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From what I read, this website does not really have security requirements that justify the problems raised by encrypted data in the database. Searching and indexing becomes hard, looking at message computational expensive, and if you want to have a formally sound scheme, you need to devise some sort of browser plugin for the encryption, as else the key would reside on the server, where it is probably easily stolen. (Surely if only the db is compromised, that is not true, but I imagine those cases to be rare. Commonly, the attacker will also find a way to the application.) –  Legolas Aug 20 '12 at 14:07

The chat should be encrypted, even if only lightly, to make it non-trivial to view. Also delete lines older than a month or when the log becomes more than 300 lines or so, then if the database and decryption key is ever compromised, their privacy will be somewhat protected. The user may want to save the chat though (I would), so best is to give them an option to store it for a longer period, and download anything that would be deleted from the server.

I'm not sure if it's any use to encrypt it with the user's password. It may even make it easier for the attacker, with an SQL-injection he may be able to view the user's passwords. A hardcoded decryption key would offer a second factor; the compromised database is not enough. However a decryption key is always possible to find when the server is compromised (which may be easier to do when the database is breached, especially when an attacker can write to the database), so this can't be fully relied on.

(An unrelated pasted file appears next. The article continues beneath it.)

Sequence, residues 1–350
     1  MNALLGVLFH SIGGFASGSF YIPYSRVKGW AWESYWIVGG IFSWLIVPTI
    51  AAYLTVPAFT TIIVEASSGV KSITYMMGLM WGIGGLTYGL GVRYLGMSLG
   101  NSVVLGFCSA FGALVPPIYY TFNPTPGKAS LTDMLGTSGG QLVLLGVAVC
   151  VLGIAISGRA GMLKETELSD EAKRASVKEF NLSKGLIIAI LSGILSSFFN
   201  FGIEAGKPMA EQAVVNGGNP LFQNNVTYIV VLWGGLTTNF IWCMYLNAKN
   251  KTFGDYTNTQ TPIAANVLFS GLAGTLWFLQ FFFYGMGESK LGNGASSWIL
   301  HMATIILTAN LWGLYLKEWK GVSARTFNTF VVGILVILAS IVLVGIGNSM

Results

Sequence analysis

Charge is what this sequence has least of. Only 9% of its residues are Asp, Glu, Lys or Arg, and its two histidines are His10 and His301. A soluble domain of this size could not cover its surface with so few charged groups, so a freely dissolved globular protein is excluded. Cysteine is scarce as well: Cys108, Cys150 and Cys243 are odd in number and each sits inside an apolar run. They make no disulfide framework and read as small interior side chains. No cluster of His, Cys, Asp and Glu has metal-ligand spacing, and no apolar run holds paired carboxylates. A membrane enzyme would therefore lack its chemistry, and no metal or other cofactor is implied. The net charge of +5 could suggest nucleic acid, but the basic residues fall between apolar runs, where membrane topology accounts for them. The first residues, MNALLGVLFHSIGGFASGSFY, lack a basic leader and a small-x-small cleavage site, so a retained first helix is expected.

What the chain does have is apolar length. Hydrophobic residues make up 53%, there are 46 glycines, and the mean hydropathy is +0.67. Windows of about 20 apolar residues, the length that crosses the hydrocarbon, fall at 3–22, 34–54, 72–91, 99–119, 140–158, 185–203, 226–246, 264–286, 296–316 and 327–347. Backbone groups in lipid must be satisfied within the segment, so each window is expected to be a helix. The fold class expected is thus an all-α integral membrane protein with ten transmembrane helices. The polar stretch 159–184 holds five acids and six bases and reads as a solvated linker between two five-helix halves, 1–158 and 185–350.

The only way to really protect the user's chats is to generate a private and public keypair, and make the user download the private key without keeping a copy. The chat can be decrypted with the private key (would need to be entered upon loading any chat from the database), and with the public key you can encrypt and store the chat. This is probably impractical and too much work though.

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To mitigate injection attacks you can store password in memory while session is alive –  Andrey Botalov Aug 18 '12 at 19:23
    
It's draconic to delete old user messages in most of situations as users often want to see their old messages. Users that need privacy for their messages aren't likely to use public service to transmit them. –  Andrey Botalov Aug 18 '12 at 19:29
    
Also in true "secure" service encryption should take place at client side so that messages won't get compromised after user inputs private key in case if attacker controls server. But even this it won't buy much as constructing host proof app is nearly impossible. –  Andrey Botalov Aug 18 '12 at 19:33
    
@AndreyBotalov The RAM isn't safe either, but yes it's a lot better than storing it on the disk. The problem is when the server needs a reboot... And I meant decrypting using the private key client-side. –  Luc Aug 18 '12 at 21:32
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@DannyCruzeira No, like a file. Cookie would suck, that's sent to the server every time. –  Luc Aug 18 '12 at 22:35